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What Inspired the McDonald’s Filet-O-Fish Sandwich?

Updated May 17, 2024
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If you love McDonald's fish sandwich, thank the Catholic Church. The Filet-O-Fish was not part of McDonald's menu in 1959, when Lou Groen opened a franchise in Cincinnati, a city with a significant Catholic population. But after seeing his sales plummet every Friday for years -- when Catholics were forbidden to eat meat and many of Groen's customers went elsewhere to eat seafood -- Groen came up with the idea of getting his regular customers hooked on a new fish sandwich.

Company founder Ray Kroc hated the idea, saying it would "stink up" his franchises, but he agreed to a contest: He would offer customers a choice between his "Hula Burger," which was pineapple and cheese on a bun, and Groen's fish sandwich. Needless to say, Groen's invention won easily, and the now-iconic Filet-O-Fish became a permanent menu fixture in 1963.

More about Mickey D's:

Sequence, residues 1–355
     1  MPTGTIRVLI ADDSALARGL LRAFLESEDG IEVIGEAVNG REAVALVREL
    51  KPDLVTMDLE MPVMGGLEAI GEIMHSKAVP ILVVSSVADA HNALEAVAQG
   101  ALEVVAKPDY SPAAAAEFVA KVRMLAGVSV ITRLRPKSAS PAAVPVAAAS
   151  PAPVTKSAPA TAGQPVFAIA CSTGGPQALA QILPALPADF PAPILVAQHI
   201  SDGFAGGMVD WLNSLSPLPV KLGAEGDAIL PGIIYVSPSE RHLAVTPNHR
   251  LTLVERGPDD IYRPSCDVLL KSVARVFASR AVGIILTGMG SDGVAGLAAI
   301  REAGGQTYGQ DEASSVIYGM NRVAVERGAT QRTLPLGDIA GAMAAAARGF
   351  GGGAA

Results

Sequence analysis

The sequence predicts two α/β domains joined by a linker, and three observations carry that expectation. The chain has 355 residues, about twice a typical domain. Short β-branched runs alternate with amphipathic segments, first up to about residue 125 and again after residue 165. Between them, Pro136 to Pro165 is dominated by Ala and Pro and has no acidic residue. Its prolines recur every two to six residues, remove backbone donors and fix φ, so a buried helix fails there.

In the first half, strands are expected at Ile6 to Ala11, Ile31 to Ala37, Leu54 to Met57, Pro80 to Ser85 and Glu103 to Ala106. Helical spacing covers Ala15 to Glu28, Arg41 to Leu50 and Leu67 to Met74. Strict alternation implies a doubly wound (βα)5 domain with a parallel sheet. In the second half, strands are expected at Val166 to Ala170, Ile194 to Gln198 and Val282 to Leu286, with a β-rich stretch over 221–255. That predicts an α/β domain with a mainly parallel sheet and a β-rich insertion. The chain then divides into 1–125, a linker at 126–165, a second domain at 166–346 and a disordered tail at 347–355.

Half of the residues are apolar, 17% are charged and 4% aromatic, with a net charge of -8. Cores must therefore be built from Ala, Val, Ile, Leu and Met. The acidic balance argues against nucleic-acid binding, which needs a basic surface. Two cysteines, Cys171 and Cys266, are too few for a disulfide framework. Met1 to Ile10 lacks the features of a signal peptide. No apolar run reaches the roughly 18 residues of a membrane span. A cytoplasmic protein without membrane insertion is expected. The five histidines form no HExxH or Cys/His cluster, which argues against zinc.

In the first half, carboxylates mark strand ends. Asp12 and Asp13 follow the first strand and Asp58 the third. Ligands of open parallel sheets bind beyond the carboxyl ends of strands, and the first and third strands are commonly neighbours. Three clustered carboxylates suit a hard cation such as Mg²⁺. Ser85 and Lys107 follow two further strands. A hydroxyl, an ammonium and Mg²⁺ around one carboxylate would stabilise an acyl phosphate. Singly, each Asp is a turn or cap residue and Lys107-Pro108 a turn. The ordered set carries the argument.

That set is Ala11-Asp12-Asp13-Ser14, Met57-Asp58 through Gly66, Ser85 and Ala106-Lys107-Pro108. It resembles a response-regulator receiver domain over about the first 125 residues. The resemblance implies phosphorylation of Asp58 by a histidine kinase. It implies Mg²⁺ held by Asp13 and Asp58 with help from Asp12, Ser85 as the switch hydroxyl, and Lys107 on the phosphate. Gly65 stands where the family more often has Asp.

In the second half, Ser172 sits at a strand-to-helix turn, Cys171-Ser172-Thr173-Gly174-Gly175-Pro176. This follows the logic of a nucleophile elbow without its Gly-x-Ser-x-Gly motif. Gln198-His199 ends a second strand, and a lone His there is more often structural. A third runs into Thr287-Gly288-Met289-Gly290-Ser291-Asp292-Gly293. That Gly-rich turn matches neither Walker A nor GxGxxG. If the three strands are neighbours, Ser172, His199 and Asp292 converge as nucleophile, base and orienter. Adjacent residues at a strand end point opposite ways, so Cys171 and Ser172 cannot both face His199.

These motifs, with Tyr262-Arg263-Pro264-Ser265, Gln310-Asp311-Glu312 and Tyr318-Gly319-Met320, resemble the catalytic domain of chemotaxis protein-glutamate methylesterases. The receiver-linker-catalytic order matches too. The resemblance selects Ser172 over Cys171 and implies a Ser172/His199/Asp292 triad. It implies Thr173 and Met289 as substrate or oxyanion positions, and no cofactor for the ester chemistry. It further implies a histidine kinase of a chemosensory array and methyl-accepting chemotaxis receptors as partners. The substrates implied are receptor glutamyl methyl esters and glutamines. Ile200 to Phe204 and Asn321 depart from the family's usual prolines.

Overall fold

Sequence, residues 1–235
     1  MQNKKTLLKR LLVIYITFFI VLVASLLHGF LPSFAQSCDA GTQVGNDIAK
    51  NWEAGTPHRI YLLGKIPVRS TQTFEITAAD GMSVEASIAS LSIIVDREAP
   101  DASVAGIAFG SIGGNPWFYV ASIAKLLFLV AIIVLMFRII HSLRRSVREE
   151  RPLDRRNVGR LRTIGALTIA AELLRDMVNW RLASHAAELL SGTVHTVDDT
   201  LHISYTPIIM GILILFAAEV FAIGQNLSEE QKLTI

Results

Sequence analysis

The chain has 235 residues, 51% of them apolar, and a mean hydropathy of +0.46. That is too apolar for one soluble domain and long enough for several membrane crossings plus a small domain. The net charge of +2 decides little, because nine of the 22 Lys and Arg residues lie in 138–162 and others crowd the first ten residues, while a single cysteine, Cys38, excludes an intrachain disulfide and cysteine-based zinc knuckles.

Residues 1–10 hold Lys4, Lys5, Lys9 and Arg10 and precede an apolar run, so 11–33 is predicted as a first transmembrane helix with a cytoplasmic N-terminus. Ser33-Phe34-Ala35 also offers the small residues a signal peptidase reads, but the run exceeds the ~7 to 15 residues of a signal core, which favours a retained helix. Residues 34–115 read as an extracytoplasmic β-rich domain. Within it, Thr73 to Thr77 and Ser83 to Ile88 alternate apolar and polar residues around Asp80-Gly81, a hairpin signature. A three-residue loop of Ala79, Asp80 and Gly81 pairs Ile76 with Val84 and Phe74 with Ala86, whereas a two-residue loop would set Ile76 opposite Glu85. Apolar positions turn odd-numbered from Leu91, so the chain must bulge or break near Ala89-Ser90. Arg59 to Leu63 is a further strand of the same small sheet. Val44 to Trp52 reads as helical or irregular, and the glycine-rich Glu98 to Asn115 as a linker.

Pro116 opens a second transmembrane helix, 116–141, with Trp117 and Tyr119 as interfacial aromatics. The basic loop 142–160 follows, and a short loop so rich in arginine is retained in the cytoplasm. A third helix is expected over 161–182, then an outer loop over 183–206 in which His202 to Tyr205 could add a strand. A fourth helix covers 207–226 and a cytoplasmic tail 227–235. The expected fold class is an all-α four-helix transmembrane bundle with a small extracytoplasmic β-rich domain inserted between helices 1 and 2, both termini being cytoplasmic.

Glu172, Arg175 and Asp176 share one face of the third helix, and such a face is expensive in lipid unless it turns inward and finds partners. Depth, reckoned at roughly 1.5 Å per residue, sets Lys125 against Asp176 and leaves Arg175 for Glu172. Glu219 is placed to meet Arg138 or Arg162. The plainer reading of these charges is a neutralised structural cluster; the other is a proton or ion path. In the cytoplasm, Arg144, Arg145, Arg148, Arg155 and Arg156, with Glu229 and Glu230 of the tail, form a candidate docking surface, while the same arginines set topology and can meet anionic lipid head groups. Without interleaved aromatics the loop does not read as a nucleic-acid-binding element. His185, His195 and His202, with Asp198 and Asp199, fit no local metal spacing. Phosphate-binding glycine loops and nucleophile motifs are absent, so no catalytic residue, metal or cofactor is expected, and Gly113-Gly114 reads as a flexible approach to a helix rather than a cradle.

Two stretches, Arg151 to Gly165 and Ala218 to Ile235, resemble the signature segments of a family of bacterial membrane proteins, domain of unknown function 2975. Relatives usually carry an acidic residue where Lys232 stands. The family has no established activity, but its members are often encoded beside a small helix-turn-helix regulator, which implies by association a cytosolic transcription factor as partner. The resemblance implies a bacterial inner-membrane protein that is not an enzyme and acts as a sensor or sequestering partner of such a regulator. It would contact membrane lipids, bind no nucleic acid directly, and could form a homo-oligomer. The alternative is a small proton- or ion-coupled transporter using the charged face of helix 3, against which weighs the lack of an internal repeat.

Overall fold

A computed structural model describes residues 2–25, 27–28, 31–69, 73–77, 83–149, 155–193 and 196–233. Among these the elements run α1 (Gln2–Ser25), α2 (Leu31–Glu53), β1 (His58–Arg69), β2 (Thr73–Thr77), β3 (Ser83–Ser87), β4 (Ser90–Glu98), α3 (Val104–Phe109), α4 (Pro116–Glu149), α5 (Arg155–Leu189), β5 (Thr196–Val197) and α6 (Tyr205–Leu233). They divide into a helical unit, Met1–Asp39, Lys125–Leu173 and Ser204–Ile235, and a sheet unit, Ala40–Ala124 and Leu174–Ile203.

• McDonald's is the world's largest toy producer, distributing 1.5 billion toys around the world every year via its Happy Meals.

  • According to a Sponsorship Research International survey of 7,000 people in six countries, more people recognize the Golden Arches than the Christian cross, at 88 percent to 54 percent.

  • No one in the United States is ever more than 107 miles (172 km) from the nearest McDonald's.

WiseGeek is dedicated to providing accurate and trustworthy information. We carefully select reputable sources and employ a rigorous fact-checking process to maintain the highest standards. To learn more about our commitment to accuracy, read our editorial process.
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